Yesterday we had a really good trip out to the Mekong Delta - getting a bus to My Tho and then a series of boats around some islands and through the delta canals. We really wish we had more time here, as getting out of the city and chilling out on some boats, eating lovely fresh fruit and getting some fresh air was a really great way to spend the day.

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So - today is our last day in Saigon, and tonight we're getting the night bus to Nha Trang which is - finally - a beach!

Posted by teamgb 18:05 Archived in Vietnam Comments (3)

Angkor Wat and Phnom Penh

In which we make like Indiana Jones and Lara Croft and explore hidden temples

sunny 32 °C

Suor sdei from Cambodia! We've spent the last week in Siem Reap and the capital Phnom Penh. What an amazing country... if its possible even better food than Thailand, wonderfully friendly people and amazing history. We are absolutely loving it here.

Our Cambodian adventure got off to a great start with the best guest house we've stayed in yet. As anyone who has stayed in budget accommodation will know, if you get a clean bed and a hot shower you're pretty happy. But Golden Temple Villas (name check recommendation) was brilliant. We arrived after an eleven hour journey from Bangkok, tired, exhausted and hot. They sat us down in the restaurant, gave us free drinks, cold towels, organised a tuk tuk driver for us the next day and invited us to help ourselves to the free hot drinks. When we got to the room it was even better... a four poster bed no less in a lovely quiet room covered in carvings and wall hangings. At this point, its possible we were never going to leave.

Room at Golden Temple Villas

Room at Golden Temple Villas

We spent the next three days exploring the Angkor temples, the site is huge (hundreds of square miles) so we rented a tuk tuk to take us around.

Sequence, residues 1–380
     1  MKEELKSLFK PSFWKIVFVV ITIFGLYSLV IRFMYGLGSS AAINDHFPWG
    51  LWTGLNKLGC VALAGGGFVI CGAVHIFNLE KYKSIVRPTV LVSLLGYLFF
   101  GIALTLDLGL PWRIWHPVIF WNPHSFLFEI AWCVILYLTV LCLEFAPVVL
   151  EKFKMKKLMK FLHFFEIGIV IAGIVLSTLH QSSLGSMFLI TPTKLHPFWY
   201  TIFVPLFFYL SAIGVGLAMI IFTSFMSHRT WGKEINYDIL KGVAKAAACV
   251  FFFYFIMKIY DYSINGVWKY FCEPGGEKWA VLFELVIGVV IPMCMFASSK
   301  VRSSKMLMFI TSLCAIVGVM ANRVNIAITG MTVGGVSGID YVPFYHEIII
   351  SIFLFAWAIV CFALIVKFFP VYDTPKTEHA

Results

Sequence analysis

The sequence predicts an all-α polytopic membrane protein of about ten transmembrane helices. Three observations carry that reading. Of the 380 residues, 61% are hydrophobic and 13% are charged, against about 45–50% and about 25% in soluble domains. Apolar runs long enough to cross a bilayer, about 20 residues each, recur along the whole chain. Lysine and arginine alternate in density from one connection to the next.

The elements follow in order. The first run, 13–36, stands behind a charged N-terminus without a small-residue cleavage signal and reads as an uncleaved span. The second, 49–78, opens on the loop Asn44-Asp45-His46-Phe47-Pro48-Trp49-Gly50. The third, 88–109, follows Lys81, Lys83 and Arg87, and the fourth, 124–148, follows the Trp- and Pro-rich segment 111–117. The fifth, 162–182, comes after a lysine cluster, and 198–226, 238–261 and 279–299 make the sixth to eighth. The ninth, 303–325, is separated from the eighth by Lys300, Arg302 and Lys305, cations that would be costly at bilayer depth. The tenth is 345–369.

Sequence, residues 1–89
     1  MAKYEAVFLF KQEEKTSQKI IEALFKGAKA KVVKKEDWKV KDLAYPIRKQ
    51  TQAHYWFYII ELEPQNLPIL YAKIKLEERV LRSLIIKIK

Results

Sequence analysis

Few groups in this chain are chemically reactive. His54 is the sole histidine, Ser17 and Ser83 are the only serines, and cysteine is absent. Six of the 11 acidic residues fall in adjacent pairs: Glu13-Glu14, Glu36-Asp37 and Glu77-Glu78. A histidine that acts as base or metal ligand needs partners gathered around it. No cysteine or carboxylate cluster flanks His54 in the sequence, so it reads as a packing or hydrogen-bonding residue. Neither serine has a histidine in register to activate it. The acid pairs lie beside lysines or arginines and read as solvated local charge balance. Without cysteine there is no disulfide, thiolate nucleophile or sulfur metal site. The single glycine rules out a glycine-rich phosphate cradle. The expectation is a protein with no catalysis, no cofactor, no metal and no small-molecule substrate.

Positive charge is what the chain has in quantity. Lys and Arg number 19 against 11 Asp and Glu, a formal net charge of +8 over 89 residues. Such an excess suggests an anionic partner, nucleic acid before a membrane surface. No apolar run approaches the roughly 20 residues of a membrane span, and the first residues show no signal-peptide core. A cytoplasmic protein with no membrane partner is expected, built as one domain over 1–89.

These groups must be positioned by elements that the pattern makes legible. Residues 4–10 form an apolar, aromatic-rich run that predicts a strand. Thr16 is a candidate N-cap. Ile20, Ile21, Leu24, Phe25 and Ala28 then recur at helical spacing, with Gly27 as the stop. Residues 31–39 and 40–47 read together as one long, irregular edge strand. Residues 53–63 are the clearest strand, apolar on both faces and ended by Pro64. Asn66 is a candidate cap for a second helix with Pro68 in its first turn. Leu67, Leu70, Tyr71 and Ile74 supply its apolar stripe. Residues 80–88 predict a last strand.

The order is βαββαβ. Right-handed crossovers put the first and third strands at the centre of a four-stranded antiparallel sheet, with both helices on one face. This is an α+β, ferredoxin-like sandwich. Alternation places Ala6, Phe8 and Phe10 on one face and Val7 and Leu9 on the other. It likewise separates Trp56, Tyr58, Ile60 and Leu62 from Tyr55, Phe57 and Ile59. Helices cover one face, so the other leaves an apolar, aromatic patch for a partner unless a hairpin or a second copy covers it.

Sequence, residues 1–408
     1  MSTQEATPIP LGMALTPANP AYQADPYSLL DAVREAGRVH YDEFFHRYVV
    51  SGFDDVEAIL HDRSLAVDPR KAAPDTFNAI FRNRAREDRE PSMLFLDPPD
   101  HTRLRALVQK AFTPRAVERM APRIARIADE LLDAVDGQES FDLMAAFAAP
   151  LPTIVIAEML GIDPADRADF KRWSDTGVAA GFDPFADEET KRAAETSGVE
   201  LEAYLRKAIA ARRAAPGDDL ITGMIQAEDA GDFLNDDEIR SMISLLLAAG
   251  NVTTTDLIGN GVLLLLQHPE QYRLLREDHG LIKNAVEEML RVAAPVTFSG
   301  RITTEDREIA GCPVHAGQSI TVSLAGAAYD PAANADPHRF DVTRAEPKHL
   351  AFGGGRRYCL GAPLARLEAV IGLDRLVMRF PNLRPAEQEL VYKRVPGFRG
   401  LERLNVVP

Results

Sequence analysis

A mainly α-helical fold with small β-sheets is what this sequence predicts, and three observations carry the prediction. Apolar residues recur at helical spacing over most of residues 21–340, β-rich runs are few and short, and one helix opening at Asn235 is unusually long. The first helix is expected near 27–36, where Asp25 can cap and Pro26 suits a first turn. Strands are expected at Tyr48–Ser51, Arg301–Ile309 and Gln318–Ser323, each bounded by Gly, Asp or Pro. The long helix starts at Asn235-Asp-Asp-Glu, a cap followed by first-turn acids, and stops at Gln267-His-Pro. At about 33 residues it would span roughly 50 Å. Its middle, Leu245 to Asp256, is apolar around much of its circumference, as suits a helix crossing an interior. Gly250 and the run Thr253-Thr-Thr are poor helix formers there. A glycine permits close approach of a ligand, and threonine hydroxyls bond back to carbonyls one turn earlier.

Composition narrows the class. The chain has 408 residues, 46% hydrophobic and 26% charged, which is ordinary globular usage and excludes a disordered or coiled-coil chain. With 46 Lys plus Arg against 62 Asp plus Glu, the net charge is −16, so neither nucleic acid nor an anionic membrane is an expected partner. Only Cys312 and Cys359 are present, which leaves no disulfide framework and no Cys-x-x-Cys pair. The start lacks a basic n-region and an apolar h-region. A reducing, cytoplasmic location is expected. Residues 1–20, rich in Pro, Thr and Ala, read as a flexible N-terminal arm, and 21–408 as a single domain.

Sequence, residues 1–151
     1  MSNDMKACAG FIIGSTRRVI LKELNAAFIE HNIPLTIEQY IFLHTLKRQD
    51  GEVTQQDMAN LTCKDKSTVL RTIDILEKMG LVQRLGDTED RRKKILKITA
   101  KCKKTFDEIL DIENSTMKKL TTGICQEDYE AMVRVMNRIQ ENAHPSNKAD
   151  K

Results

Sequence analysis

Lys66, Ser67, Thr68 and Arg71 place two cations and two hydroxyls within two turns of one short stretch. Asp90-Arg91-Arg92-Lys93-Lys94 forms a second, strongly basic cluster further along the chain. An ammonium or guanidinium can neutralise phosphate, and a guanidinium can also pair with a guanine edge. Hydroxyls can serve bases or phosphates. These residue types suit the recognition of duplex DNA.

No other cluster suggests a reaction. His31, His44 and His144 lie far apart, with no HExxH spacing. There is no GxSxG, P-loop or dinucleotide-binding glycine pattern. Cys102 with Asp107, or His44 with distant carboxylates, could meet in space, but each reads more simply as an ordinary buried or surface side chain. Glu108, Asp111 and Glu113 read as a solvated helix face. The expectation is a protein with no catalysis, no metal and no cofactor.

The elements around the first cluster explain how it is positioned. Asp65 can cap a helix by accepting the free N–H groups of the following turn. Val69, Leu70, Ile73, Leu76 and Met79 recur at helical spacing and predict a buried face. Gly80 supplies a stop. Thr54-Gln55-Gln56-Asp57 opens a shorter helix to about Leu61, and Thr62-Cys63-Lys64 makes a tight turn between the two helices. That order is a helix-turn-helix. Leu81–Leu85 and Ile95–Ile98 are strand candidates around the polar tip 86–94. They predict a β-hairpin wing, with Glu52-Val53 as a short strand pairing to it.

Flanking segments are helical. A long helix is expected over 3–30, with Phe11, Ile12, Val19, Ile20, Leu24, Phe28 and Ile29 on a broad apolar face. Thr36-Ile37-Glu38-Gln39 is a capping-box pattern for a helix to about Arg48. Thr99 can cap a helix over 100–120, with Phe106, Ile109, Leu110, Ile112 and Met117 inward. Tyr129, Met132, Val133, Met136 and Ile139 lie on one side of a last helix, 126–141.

Tuk tuk

Tuk tuk

The temples are unimaginable, especially considering they were built between the ninth and twelfth centuries. Even more amazing is that you can just explore them yourselves... climbing over the ruins, exploring hidden rooms and generally pretending to be in a film in our case. One of the sites, Ta Phromn, was actually used as a location in the Tomb Raider films.

Much better than me trying to describe how cool it was, here are just a few of the many, many photos we took over the three days...

Angkor Wat

Angkor Wat

Angkor Thom

Angkor Thom

Angkor Thom 2

Angkor Thom 2

Banteay Srei

Banteay Srei

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Tree 2

Tree 2

Some of the temples have been left half as they were found, with trees and roots intertwined with the temples. It is literally like what a Disney theme park would look like if they decided to build a hidden temple.

After three days of temple exploits, we headed onto Phnom Penh, about a six hour bus ride. While Siem Reap is quiet a compact, reasonably quiet town, Phnom Penh feels a lot busier and more frenetic. As you'd expect from a capital city really. Much less tourists too, or certainly where we are. The food in Cambodia has been fantastic, its similar flavours to Thai food - lots of lemon grass, coconut and Thai basil - but more gentle and less spicy. They also have great breads and baguettes (a legacy from the French). We have also of course, in the interests of research, been trying out the local beer. We can confirm it is very good.

Angkor beer

Angkor beer